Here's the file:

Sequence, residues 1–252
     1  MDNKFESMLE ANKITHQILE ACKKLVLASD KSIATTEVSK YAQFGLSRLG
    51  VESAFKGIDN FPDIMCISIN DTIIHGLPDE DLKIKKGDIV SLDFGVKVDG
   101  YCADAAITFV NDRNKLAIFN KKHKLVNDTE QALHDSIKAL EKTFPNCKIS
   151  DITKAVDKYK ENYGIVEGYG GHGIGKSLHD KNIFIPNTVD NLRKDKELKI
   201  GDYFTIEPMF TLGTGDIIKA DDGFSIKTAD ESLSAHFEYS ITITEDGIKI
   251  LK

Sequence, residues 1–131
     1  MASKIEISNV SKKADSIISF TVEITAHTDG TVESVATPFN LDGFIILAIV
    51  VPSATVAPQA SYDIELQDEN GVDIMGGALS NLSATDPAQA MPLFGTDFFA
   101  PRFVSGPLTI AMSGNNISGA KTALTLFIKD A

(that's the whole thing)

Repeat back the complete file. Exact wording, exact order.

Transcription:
Sequence, residues 1–252
     1  MDNKFESMLE ANKITHQILE ACKKLVLASD KSIATTEVSK YAQFGLSRLG
    51  VESAFKGIDN FPDIMCISIN DTIIHGLPDE DLKIKKGDIV SLDFGVKVDG
   101  YCADAAITFV NDRNKLAIFN KKHKLVNDTE QALHDSIKAL EKTFPNCKIS
   151  DITKAVDKYK ENYGIVEGYG GHGIGKSLHD KNIFIPNTVD NLRKDKELKI
   201  GDYFTIEPMF TLGTGDIIKA DDGFSIKTAD ESLSAHFEYS ITITEDGIKI
   251  LK

Sequence, residues 1–131
     1  MASKIEISNV SKKADSIISF TVEITAHTDG TVESVATPFN LDGFIILAIV
    51  VPSATVAPQA SYDIELQDEN GVDIMGGALS NLSATDPAQA MPLFGTDFFA
   101  PRFVSGPLTI AMSGNNISGA KTALTLFIKD A